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Everything you need to know about the new Cryptocurrency regulations being proposed

In this era of rapid economic and technological advancements, the medium of transacting and effecting business has transformed exponentially. However, the foundations of such revolutionary methods of transactions where one was not even required to be present physically were laid down way back in the 19th Century when Western Union introduced the Electronic Fund Transfer (EFT) in 1871 [1]. The inherent technology and core aspects attributed with them have since materialised into a more sophisticated and user-friendly system with the onset of globalisation. One such avenue of conducting transactions online has gestated in the form of Cryptocurrency. In basic terms, Cryptocurrency can be defined as a sort of digital asset that can be employed for partaking in online transactions.

Cryptocurrency and Bitcoin

Cryptocurrency and Bitcoins always get associated with each other, many of us unwittingly err to assume that they mean the same thing. Granted that the two terms are very closely related, however, there is a very fundamental difference between the two that needs to be addressed to understand the very essence of the aforesaid transactional system and the proposed regulation; Cryptocurrency is the inherent technology that facilitates online transactions whereas Bitcoin is a digital currency that employs cryptocurrency as a medium or facilitator. Hence, the Cryptocurrency regulations being discussed in the Indian Parliament will adjudicate and regulate Bitcoins and other such digital currencies within the wider ambit of Cryptocurrencies as a whole.

The Appeal of Cryptocurrency

Cryptocurrency in itself possesses many attributes due to its functionality that on paper make it a much more viable and lucrative alternative to contemporary legal tender. For instance, because it can be transacted online and is decentralized i.e., not governed, controlled or regulated by a Central authority, it transcends geographical boundaries. Further, it is much harder to forge and does not conform to the whims of inflation induced by Central authorities[2]. Another feather in its cap is the fact that anyone can get Bitcoins without having to actually spend any cash. This can be facilitated through running Bitcoin’s mining programs that function on an algorithmic lottery system through encryption functions called ‘hash’.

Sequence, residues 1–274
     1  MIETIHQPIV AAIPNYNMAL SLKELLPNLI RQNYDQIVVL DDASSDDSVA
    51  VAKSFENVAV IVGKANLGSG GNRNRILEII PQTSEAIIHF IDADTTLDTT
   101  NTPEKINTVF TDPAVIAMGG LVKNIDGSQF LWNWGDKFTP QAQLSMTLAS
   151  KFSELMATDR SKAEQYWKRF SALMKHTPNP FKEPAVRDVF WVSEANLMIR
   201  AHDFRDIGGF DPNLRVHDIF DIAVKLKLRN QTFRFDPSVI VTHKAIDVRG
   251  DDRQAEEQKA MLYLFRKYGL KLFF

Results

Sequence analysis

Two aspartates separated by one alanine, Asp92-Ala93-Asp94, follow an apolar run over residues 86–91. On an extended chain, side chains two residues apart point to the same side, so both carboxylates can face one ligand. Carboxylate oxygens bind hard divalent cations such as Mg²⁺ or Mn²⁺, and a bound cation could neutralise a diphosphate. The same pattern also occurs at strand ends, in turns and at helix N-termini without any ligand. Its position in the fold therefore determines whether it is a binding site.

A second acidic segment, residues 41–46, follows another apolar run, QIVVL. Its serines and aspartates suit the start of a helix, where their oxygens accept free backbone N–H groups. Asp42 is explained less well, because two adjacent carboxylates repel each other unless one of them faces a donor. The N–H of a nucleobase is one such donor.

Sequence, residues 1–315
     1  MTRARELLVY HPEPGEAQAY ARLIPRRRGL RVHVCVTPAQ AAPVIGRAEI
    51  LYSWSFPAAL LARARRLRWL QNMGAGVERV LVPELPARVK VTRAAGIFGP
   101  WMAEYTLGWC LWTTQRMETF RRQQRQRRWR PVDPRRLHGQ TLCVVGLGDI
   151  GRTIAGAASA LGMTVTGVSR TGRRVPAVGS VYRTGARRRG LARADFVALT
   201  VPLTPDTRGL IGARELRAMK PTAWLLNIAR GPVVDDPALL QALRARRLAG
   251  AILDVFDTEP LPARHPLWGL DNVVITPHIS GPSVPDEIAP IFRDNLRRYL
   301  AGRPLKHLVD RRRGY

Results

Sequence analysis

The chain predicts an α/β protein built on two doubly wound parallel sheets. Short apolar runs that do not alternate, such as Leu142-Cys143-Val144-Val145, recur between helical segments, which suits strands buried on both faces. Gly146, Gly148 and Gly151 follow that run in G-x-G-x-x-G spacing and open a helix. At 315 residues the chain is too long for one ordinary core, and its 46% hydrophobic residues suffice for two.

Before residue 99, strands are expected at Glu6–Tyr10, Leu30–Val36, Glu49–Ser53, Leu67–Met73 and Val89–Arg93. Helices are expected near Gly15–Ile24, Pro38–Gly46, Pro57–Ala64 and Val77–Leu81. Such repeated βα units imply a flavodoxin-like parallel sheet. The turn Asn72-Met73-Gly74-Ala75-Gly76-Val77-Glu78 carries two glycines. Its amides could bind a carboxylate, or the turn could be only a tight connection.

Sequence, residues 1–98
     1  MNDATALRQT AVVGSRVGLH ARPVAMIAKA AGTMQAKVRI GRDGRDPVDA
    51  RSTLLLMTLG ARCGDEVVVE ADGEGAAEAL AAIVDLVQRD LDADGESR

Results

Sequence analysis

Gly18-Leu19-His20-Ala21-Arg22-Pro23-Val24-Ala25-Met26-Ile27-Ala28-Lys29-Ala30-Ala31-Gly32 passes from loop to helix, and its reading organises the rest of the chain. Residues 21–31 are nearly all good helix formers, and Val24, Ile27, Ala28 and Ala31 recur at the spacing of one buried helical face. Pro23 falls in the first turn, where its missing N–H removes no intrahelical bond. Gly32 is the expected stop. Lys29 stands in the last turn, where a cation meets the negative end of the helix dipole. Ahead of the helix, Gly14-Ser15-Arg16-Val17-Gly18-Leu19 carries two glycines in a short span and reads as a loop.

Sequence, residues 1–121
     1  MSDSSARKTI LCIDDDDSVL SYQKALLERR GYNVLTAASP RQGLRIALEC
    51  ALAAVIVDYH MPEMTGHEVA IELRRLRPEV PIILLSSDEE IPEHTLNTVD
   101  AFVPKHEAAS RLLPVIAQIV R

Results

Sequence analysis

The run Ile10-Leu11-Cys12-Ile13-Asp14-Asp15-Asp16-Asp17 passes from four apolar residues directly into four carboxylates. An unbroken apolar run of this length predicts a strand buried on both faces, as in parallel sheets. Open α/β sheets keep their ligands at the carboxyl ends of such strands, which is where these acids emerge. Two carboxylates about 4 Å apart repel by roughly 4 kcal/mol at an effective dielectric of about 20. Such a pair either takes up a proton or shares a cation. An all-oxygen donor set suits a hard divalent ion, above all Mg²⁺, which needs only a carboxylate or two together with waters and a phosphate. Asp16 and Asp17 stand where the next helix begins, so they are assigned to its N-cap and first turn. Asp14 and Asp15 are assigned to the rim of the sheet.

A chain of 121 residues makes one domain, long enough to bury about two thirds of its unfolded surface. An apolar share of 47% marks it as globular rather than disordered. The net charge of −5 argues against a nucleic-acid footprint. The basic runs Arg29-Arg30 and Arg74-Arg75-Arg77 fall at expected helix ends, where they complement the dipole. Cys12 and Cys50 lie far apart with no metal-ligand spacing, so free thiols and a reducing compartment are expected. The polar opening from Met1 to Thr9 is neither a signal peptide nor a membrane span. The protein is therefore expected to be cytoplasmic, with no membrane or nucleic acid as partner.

Timeline of the Cryptocurrency and Regulation of Official Digital Currency Bill, 2021

  1. The Reserve Bank of India in 2018 had banned the processing of transactions involving Cryptocurrency in India. However, this was overturned by the Supreme Court of India in 2020 on the grounds of disproportionality.

  2. In 2019, a bill was purported namely The Banning of Cryptocurrency and Regulation of Official Digital Currency Bill, 2019. This however, never saw the light of day as it was not introduced in the Parliament. It is pertinent to note though that, the aforesaid Bill pursued the idea of completely outlawing and criminalizing the possession and use of Cryptocurrency in India.[3]

  3. A new Bill has been purported in 2021 namely The Cryptocurrency and Regulation of Official Digital Currency Bill, 2021 that seeks to ban all Cryptocurrency in India while also formulating legislative framework for inculcating a digital currency system that borrows from the inherent principles and technology of Cryptocurrency.

Need & Rationale behind the Bill

According to the Reserve Bank of India, there is an ongoing evaluation over the need and feasibility of a digital currency in India that essentially substitutes the current currency [4] . However, it feels due to the inherent threats posed by Cryptocurrencies and their unregulated operational framework that there is a need to strongly intervene. Further, the aforementioned overturning of the ban created a gap in the legislation with regards to Cryptocurrencies in India. The RBI has already elucidated their concerns regarding the aforesaid, wherein, the Central Bank of India cites caveats such as possible loss of identity and access credentials due to hacking, no established framework for customer recourse, peer-to-peer anonymous transactions being transacted through Bitcoin and other Cryptocurrencies for illegal and illicit purposes that expose users to potential financial and legal transgressions amongst others to deter the public from using Cryptocurrencies[5]. The argument can be drawn about the need for stricter regulation rather than a blanket ban, however, the Government and Central authorities feel it best to start from scratch and develop a digital currency system that borrows from the inherent idea of Cryptocurrency but is honed to suit the characteristics and environment of the Indian demographic and market.